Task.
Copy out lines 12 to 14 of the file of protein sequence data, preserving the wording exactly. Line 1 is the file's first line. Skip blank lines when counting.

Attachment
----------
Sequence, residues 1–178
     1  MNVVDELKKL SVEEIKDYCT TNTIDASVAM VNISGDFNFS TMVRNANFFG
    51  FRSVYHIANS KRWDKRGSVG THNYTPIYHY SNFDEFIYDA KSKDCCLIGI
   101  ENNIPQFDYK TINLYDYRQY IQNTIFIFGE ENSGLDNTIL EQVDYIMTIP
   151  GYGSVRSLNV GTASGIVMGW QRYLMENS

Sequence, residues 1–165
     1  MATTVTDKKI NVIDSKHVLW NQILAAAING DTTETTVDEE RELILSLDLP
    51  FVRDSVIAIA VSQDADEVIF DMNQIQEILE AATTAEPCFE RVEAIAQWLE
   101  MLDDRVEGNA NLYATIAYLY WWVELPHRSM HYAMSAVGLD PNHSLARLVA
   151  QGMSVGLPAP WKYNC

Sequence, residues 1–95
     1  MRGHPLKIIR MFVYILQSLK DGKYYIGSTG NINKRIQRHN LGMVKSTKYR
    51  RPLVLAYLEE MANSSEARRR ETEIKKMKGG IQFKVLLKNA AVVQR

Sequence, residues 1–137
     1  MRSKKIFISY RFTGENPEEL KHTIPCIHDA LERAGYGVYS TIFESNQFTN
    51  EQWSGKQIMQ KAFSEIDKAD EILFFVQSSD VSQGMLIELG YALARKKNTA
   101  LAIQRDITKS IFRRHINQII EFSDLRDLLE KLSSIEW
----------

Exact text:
     1  MRGHPLKIIR MFVYILQSLK DGKYYIGSTG NINKRIQRHN LGMVKSTKYR
    51  RPLVLAYLEE MANSSEARRR ETEIKKMKGG IQFKVLLKNA AVVQR

Sequence, residues 1–137